What surprised me most was just how much poison was a part of everyday products: cosmetics, medicine, and in the case of radium, even considered healthy. People drank it which baffles me. Even Marie Curie used to carry a small vile of radium in her pocket believing it was completely harmless. I found the story about the women working in the clock factory painting watch faces with radioactive paint for the men on the battlefield especially fascinating. What happened to the women was absolutely horrific and the work of Norris and the men in his office to find out what was happening to them was sort of heroic in a way.

A good portion of the book focuses on alcohol and it’s replacements during Prohibition. What people will drink for a high is both disgusting and interesting. I would never in my wildest dreams ever even think of sniffing the stuff let along drinking it. It was a crazy time and I loved the fact that the New York Medical Examiner argued for a repeal of Prohibition in order to save lives. He was right; knowing that if alcohol didn’t once again become legal, more deaths would occur. Many of the people dying were not hard drinkers but casual ones trying to brew up something for a few nips here and there. Crazy times.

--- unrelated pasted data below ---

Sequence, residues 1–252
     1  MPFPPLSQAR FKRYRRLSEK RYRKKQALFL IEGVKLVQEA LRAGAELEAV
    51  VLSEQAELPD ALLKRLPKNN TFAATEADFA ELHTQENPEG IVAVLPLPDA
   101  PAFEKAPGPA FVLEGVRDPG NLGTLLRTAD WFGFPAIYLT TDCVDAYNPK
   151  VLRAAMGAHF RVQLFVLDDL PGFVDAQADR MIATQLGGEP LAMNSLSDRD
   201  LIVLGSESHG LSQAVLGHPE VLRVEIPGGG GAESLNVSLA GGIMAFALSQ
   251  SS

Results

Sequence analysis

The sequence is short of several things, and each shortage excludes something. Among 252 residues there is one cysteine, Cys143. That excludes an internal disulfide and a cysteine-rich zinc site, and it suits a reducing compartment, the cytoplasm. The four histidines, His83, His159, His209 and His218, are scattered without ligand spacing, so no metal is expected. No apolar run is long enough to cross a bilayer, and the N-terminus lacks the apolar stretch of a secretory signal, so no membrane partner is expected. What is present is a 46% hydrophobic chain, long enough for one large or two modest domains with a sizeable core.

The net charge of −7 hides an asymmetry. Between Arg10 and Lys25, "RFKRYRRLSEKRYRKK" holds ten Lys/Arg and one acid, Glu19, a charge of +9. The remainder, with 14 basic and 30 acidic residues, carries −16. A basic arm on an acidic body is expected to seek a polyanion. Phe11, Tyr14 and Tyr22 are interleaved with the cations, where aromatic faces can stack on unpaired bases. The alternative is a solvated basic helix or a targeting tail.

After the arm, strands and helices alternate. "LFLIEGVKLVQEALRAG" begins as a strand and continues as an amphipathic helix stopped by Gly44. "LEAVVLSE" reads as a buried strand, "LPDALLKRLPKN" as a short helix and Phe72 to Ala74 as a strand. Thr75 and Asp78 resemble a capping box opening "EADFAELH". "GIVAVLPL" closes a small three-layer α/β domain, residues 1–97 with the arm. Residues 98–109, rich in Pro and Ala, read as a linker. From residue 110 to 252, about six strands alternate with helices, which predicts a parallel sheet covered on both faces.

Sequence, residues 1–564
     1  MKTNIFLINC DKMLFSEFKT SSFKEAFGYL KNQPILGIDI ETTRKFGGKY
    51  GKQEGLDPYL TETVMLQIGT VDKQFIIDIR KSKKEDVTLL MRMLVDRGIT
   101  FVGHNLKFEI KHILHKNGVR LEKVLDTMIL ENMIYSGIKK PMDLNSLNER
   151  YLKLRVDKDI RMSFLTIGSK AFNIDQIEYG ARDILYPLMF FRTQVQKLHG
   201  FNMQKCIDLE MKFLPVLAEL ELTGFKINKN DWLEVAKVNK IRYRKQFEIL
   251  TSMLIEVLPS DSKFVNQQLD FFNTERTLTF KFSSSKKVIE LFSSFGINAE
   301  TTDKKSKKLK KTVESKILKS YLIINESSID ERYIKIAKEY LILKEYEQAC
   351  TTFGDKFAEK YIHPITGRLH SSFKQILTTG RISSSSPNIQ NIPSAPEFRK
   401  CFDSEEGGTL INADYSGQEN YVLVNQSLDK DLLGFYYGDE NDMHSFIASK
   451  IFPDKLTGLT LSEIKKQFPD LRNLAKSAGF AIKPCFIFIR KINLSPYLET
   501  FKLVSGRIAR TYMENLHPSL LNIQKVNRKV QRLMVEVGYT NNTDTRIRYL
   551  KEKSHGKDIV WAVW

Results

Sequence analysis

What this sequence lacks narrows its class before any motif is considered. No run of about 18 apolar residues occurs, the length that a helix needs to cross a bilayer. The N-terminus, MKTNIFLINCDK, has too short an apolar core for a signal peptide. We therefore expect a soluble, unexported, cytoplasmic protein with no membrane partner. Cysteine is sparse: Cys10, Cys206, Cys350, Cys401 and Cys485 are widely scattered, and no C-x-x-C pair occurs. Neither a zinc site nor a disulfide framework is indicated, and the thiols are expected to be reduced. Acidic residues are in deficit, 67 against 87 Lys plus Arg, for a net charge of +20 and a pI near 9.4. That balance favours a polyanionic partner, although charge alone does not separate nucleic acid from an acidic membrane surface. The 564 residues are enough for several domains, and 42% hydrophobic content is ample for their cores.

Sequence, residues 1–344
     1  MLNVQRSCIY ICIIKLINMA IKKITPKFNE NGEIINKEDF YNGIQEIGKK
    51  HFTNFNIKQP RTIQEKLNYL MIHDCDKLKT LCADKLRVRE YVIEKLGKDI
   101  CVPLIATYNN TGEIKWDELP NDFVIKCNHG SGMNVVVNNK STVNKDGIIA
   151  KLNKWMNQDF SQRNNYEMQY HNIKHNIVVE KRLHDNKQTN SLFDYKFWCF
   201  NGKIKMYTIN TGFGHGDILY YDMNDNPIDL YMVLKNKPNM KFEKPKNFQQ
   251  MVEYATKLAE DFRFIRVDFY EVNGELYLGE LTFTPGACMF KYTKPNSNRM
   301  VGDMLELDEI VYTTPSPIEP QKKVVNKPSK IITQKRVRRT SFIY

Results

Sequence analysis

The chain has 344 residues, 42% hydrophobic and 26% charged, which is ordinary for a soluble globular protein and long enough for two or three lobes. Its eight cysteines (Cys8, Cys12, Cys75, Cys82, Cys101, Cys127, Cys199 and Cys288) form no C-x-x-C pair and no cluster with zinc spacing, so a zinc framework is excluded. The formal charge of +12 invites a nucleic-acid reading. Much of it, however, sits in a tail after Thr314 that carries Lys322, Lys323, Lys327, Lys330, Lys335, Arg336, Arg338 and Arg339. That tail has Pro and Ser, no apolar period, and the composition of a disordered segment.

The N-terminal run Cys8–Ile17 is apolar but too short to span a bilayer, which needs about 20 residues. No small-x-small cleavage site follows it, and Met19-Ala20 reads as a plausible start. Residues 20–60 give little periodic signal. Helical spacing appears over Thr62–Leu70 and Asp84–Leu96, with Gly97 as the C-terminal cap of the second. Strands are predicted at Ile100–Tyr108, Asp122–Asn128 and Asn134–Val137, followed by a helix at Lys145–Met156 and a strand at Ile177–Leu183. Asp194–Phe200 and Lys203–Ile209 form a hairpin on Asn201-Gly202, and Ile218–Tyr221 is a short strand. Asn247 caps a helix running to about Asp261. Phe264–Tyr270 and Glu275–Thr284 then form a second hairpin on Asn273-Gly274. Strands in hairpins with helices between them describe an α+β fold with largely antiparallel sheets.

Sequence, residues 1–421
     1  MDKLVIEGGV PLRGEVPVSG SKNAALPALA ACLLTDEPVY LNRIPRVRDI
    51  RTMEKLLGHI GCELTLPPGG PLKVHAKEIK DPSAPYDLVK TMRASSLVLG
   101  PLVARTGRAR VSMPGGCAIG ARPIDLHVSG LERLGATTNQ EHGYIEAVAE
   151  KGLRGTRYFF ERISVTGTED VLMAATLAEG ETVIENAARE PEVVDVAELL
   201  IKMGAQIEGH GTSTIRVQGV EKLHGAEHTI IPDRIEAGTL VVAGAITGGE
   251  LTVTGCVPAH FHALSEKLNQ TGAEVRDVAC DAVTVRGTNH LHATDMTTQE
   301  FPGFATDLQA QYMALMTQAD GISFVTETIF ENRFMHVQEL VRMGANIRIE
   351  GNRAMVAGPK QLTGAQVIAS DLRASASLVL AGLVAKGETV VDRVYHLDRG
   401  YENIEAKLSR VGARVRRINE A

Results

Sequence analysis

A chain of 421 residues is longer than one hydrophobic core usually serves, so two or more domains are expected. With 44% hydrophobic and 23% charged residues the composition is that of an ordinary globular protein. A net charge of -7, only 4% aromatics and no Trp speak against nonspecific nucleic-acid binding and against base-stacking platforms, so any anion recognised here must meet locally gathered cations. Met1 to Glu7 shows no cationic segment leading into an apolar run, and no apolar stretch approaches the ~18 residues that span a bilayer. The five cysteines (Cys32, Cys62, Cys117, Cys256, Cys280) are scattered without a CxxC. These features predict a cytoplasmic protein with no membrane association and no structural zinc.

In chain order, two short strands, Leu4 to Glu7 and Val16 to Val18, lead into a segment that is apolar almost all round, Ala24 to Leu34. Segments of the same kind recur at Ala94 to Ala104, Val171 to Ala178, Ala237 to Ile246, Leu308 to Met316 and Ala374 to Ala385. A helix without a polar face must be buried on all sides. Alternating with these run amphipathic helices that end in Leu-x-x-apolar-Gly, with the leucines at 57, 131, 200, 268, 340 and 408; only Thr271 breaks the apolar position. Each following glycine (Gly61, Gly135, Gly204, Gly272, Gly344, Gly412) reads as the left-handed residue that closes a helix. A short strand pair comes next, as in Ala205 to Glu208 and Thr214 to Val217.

I found this a great read and Blum manages to take a subject that could easily get very boring and dry and intersperse it with unbelievable stories that make you wonder if you’ve accidentally picked up a fiction novel. If you’re looking for something different but very informative, pick up The Poisoner’s Handbook. One word of caution though — you don’t want to read it while eating, descriptions of certain poisons and their effects can be rather off-putting.

The Poisoner’s Handbook: Murder in the Birth of Forensic Medicine in Jazz Age New York

By Deborah Blum

Penguin Books

ISBN: 978-1-59420-243-8

4.25 stars

The Thieves of Manhattan

The Thieves of Manhattan

By Adam Langer

Spiegel & Grau Trade Paperbacks

ISBN: 978-1-4000-6891-3

4 stars